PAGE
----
June 24, 2008.
In an action to recover damages for personal injuries, etc., the defendant ThyssenKrupp Elevator Company appeals, as limited by its brief, from so much of an order of the Supreme Court, Suffolk County (Pines, J.), dated June 25, 2007, as denied its motion for summary judgment dismissing the complaint insofar as asserted against it.
Babchik Young, White Plains, N.Y. (Zachary L. Berman and Daniel J. Quart of counsel), for appellant.
Silberstein, Awad Miklos, P.C., Garden City, N.Y. (Daniel Miklos and Paul N. Nadler of counsel), for respondent.
Before: Spolzino, J.P., Santucci, Eng and Leventhal, JJ.
Ordered that the order is reversed insofar as appealed from, on the law, with costs, and the motion of the defendant ThyssenKrupp Elevator Company for summary judgment dismissing the complaint insofar as asserted against it is granted.
On September 3, 2001 the plaintiffs decedent Julius Stock (hereinafter the decedent), who was 79 years old, allegedly was caused to fall while he was exiting an elevator at the Gurwin Jewish-Fay J. Linder Residence (hereinafter the Linder Residence), when the elevator door closed on him. The defendant ThyssenKrupp Elevator Company (hereinafter the defendant) installed and maintained the elevators at the Linder Residence. The decedent died after this action was commenced, but before he could be deposed.
The defendant met its burden of establishing its prima facie entitlement to judgment as a matter of law by demonstrating that any determination as to how the accident occurred would be based on speculation ( see Lissauer v Shaarei Halacha, Inc., 37 AD3d 427; Manning v 6638 18th Ave. Realty Corp., 28 AD3d 434; Teplitskaya v 3096 Owners Corp., 289 AD2d 477). The evidence submitted by the plaintiff in opposition was insufficient to raise a triable issue of fact. "`Although hearsay evidence may be considered in opposition to a motion for summary judgment, it is insufficient to bar summary judgment if it is the only evidence submitted'" ( Rodriguez v Sixth President, 4 AD3d 406, 407, quoting Arnold v New York City Hous. Auth., 296 AD2d 355, 356).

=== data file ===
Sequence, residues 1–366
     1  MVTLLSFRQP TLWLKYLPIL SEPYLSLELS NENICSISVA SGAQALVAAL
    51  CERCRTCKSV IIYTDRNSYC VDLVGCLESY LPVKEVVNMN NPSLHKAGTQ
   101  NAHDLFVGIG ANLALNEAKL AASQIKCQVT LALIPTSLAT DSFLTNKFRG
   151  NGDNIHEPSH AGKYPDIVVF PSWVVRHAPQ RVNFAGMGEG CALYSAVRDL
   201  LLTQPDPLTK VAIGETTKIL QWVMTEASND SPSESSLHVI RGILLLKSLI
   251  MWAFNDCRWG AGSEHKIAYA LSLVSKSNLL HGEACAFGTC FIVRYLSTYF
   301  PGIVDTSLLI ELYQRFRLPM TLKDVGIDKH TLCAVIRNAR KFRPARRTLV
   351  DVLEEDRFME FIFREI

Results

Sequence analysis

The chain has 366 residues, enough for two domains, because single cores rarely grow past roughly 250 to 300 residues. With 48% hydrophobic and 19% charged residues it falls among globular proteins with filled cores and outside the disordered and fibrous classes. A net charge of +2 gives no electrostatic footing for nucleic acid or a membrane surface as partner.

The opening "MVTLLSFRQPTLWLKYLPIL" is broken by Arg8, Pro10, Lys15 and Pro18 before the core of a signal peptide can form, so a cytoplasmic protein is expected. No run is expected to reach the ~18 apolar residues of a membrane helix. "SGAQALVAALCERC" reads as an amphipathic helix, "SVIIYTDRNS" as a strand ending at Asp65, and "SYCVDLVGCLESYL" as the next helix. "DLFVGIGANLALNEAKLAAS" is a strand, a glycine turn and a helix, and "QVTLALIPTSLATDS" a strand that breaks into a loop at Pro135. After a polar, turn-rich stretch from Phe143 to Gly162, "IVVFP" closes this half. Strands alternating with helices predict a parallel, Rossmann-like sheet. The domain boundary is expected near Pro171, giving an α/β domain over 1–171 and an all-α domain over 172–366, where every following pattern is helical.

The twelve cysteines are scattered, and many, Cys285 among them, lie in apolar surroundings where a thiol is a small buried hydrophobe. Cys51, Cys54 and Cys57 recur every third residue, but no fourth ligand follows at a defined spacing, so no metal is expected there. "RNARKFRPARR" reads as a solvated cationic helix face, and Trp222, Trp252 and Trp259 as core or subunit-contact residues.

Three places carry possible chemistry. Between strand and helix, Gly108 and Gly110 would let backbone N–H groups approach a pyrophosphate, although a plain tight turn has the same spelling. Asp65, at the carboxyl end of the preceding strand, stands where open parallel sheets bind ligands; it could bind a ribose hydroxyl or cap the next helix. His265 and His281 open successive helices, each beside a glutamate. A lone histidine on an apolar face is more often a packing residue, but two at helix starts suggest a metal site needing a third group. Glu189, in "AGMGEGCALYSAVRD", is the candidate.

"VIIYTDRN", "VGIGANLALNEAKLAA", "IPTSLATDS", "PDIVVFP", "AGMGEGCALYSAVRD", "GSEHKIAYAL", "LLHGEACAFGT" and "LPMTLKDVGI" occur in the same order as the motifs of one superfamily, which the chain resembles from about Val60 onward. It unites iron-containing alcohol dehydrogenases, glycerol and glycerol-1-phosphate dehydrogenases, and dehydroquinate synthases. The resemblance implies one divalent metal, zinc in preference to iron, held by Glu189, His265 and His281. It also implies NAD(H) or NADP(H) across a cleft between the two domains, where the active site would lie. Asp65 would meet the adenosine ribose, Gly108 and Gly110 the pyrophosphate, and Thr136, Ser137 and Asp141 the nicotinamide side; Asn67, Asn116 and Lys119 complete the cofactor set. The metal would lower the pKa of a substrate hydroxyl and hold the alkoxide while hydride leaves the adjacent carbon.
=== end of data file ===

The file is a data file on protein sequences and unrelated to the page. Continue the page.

The Supreme Court considered the plaintiffs deposition testimony in determining that a question of fact existed as to the cause of the decedent's accident. However, the plaintiffs testimony was based on speculation and hearsay since she admitted that she did not witness the accident and her testimony was based on information she received from the decedent ( see Hochhauser v Electric Ins. Co., 46 AD3d 174, 178; Rodriguez v Sixth President, 4 AD3d at 406). The Supreme Court also relied on statements as to the cause of the accident contained in the accident report and the decedent's hospital records, but these items contained inadmissible hearsay and the plaintiff failed to lay the proper foundation for their admission as business records ( see CPLR 4518 [a]; Whitfield v City of New York, 48 AD3d 798; Daliendo v Johnson, 147 AD2d 312, 321; Di Paolo v Somma, 111 AD2d 899, 900-901). Further, the affidavit submitted by the plaintiffs elevator consultant in opposition to the motion, which was in part based on his personal observation of the elevator 11 months after the accident, was, among other things, impermissibly speculative and lacking in probative value ( see Amatulli v Delhi Constr. Corp., 77 NY2d 525, 533; McFadden v Village of Ossining, 48 AD3d 761). Accordingly, the Supreme Court should have granted the defendant's motion for summary judgment dismissing the complaint insofar as asserted against it.
The parties' remaining contentions are without merit. [ See 2007 NY Slip Op 31923(U).]